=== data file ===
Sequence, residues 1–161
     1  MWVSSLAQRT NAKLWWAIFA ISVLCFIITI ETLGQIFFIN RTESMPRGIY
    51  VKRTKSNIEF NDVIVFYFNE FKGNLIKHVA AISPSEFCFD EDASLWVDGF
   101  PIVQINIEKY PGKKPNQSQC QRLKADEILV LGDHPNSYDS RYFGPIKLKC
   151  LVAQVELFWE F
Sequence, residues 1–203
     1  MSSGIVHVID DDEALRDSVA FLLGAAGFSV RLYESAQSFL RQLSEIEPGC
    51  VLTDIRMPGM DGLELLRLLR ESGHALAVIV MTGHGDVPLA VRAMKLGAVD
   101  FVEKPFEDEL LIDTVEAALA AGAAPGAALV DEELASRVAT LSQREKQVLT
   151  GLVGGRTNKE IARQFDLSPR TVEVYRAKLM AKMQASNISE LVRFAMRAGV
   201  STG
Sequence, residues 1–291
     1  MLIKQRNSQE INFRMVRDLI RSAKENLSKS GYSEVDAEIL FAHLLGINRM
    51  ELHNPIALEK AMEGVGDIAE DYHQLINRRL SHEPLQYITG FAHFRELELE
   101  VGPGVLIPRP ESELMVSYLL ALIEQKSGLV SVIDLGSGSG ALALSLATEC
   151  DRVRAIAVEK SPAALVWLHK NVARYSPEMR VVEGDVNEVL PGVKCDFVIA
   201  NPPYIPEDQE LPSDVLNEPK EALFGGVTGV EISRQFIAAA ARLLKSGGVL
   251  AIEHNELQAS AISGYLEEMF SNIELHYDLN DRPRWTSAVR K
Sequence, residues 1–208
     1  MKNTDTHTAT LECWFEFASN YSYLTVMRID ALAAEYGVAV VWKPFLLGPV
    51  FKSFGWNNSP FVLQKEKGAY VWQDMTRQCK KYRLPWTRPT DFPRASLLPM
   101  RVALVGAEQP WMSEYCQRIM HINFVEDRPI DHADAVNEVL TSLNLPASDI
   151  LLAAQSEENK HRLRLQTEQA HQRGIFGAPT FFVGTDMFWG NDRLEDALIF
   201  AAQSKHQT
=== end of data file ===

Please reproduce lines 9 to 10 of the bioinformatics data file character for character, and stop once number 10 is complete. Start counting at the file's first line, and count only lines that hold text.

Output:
   101  FVEKPFEDEL LIDTVEAALA AGAAPGAALV DEELASRVAT LSQREKQVLT
   151  GLVGGRTNKE IARQFDLSPR TVEVYRAKLM AKMQASNISE LVRFAMRAGV